Incidence of an Insulin-Requiring Hyperglycemic Syndrome in SARS CoV-2-Infected Young Individuals: Is it Type 1 Diabetes?
figureposted on 16.03.2022, 15:30 by Massimo Pietropaolo, Peter Hotez, Nick Giannoukakis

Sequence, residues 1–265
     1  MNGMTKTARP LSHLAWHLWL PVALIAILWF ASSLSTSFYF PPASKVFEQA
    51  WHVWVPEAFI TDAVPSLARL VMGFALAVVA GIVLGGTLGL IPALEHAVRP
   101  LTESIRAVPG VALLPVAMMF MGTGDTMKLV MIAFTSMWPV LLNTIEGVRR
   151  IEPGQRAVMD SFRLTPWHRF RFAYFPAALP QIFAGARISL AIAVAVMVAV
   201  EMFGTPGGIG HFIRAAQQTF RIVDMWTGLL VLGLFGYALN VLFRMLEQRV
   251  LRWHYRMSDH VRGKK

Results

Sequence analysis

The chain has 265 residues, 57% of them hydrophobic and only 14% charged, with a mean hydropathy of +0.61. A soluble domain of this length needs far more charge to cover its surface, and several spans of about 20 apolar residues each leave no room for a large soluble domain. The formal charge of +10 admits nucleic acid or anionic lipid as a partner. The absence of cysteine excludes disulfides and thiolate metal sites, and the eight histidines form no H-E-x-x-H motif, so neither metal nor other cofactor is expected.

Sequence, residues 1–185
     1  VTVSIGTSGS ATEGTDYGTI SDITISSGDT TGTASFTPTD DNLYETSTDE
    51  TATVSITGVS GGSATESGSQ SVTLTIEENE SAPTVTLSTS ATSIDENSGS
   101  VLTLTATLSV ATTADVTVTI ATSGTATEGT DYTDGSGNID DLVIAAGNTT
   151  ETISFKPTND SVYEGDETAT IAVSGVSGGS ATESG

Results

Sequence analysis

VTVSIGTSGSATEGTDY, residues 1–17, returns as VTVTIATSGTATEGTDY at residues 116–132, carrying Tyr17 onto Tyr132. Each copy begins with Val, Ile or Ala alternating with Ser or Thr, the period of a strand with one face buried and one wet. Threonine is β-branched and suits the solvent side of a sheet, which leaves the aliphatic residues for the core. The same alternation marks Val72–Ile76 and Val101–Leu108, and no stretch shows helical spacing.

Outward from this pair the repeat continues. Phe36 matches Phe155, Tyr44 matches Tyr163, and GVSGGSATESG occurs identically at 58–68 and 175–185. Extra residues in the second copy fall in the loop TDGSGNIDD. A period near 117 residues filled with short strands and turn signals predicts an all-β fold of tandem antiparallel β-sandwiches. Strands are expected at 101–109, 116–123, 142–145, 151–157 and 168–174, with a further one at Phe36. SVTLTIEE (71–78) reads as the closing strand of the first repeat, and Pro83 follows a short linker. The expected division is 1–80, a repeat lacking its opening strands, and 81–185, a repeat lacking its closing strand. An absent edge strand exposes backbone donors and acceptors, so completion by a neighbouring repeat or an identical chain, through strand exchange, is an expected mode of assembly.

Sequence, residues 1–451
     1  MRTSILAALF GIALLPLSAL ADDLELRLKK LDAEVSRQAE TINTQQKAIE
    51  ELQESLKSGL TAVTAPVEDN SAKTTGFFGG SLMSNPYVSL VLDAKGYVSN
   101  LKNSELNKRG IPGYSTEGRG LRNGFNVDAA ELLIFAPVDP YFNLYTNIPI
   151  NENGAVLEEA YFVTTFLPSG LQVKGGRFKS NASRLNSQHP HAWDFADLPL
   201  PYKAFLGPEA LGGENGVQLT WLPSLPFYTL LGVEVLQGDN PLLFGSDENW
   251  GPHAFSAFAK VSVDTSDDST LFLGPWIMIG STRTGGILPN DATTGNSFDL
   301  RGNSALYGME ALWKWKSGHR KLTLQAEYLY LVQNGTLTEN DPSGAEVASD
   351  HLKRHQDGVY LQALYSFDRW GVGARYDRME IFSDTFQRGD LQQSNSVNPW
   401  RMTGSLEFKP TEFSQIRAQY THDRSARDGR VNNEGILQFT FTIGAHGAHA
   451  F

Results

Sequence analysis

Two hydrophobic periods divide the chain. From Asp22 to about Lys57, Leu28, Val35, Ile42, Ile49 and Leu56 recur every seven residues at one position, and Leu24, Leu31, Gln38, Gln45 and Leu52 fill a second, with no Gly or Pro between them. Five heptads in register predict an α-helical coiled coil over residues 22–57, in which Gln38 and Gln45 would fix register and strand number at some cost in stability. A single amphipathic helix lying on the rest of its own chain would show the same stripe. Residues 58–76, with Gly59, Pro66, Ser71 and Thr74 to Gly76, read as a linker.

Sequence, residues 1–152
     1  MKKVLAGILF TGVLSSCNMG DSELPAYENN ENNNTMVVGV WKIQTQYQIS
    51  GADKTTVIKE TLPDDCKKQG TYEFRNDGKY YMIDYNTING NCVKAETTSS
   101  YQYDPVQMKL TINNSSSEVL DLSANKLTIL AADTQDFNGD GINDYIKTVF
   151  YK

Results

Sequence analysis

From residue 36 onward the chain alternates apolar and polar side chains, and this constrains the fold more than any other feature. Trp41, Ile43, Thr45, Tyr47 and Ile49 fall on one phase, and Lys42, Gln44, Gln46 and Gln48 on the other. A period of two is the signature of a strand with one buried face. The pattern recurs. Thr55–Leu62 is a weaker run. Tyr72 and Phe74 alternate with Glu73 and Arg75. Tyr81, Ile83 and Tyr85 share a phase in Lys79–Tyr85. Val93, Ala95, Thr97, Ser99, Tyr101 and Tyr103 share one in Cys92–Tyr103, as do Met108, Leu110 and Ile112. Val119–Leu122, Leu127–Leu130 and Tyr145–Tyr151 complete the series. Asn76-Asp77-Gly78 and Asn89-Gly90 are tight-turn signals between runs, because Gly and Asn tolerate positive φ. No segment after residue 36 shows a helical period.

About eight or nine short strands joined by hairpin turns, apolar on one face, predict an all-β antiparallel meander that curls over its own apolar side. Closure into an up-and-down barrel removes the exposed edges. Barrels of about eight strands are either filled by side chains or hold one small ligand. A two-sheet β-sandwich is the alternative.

Pancreatic Angiotensin Converting Enzyme 2 receptor (ACE2) expression, together with increased prevalence of insulin-requiring hyperglycemia in COVID-19 patients, suggested that SARS CoV-2 pancreatic infection might trigger a beta cell-selective inflammation precipitating autoimmune type 1 diabetes (T1D). We examined T1D incidence in COVID-19 patients inside a large, global population using a "big data" approach. The incidence in 0-30 year-old confirmed COVID-19 patients over an approximately 15 month period from the beginning of the COVID-19 pandemic was compared to an age-matched non-COVID-19 population inside the TriNetX COVID-19 Research Network (>80 million de-identified patient electronic medical records globally). The cohorts were used to generate outcomes of T1D post-index. In ages up to 18, the incidence of insulin-requiring diabetes that could represent T1D in patients with already-diagnosed, confirmed COVID-19 was statistically-indistinguishable from the non-COVID-19 control population. In contrast, in ages 19-30, the incidence was statistically-greater. These data suggest that the incidence of T1D among COVID-19 patients <30 years of age, at least up to this time since the beginning of the pandemic, is not greater when compared to a non-COVID-19 age, sex, and BMI-matched population. Nevertheless, we caution that COVID-19 patients could be asymptomatic of a diabetic/pre-diabetic state and therefore would not be expected to come to medical attention, remaining undiagnosed. Hence, it is still possible that asymptomatic virus-infected individuals could acquire beta cell autoimmunity, eventually progressing to dysglycemia and clinical T1D at higher rates.